Factor Mobility and Tax Harmonization
A major aim of the establishment of the Common Market was full factor mobility. In this aim the Community was perceived as moving well beyond a narrow customs union and much closer to a real common market of goods, services, and factors of production, and perhaps toward economic union.
The free flow of labor within the Common Market was provided for in Article 48 of the Treaty of Rome (see Appendix), and indeed, this has been an area of real success in the Community. Only identity cards are needed to cross boundaries, no work permits are needed for Community workers, and residence permits are automatically renewable after five years. There is, of course, priority given to EC over non-EC workers, and the situation in West Germany of "temporary" (especially Turkish) workers has not always been harmonious. During the 1982-83 recession, for example, there were some unfortunate confrontations, and the situation has never been totally free from discord.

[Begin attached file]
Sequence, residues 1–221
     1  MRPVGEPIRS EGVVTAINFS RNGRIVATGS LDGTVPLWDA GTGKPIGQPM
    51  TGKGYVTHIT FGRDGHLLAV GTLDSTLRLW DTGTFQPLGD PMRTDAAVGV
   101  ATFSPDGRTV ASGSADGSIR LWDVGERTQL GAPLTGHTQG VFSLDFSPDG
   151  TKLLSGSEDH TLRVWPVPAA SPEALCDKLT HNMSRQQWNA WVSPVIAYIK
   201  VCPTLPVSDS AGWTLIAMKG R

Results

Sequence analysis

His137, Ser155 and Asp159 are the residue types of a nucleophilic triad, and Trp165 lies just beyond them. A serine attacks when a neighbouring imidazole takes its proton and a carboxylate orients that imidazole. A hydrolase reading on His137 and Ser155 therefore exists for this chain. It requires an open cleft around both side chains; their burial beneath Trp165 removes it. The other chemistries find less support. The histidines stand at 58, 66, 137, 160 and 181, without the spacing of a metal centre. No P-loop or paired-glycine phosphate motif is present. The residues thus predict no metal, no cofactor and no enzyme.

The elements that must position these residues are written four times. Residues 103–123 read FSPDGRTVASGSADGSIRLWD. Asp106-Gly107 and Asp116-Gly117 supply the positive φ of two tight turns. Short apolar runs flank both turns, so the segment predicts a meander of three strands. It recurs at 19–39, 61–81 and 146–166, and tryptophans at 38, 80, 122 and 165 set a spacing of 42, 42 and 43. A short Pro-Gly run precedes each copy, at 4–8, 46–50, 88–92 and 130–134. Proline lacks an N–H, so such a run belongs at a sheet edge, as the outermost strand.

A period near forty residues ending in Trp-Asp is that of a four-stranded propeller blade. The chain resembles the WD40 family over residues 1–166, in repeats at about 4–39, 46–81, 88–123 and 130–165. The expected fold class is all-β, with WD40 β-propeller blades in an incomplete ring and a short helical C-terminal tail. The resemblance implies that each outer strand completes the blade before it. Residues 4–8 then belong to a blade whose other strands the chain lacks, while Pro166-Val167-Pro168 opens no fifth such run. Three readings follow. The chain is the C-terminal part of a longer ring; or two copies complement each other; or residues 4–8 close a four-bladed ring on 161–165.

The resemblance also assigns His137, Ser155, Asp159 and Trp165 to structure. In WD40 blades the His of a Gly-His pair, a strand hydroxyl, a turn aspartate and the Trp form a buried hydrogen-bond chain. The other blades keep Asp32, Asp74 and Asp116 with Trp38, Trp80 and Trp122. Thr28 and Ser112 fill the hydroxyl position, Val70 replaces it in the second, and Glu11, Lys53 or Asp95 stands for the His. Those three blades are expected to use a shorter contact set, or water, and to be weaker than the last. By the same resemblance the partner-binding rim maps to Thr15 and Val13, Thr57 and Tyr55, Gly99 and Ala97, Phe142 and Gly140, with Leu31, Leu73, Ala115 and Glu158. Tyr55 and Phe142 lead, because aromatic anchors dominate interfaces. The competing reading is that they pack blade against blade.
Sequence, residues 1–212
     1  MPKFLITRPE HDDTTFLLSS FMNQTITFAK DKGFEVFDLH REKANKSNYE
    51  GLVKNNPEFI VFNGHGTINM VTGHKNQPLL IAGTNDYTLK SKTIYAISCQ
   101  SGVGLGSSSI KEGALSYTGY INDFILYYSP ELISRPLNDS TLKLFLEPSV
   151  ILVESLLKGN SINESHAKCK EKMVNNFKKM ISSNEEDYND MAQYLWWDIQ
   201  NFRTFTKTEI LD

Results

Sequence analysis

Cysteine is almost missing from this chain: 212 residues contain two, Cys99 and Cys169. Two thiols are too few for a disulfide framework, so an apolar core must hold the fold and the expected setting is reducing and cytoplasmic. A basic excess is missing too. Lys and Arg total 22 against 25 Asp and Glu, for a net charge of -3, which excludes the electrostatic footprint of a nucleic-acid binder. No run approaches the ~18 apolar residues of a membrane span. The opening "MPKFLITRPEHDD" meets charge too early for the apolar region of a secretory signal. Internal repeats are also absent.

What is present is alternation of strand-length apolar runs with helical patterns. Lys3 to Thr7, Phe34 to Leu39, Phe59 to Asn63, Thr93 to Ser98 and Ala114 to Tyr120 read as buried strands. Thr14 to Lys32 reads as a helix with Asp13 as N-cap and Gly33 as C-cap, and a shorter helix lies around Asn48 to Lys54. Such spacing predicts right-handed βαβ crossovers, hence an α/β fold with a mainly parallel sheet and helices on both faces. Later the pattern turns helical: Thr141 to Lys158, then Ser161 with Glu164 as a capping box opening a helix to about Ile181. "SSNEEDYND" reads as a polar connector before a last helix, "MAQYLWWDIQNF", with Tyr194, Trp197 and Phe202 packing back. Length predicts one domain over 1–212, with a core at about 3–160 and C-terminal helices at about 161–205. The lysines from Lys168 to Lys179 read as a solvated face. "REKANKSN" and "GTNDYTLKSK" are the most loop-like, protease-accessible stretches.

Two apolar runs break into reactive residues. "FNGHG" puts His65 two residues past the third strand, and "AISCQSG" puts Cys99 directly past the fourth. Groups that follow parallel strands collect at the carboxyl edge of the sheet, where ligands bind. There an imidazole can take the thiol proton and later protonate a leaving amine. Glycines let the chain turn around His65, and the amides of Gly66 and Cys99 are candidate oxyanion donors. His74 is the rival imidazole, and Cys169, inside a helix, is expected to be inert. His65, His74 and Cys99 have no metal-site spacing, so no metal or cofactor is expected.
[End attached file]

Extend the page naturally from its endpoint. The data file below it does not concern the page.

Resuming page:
An initial concern regarding intra- EC migration was social security payments, especially retirement benefits. The concern was how to treat periods earned in the wage earner's previous country, and how to adjust payments for non-nationals. The decision was made in the liberal direction, with previous periods earned receiving full credit in the new country, and benefit treatment equal to nationals. The potential problem of resource reallocation created by such a liberal ruling is dealt with below, as it is essentially identical in nature to direct tax treatment between union countries.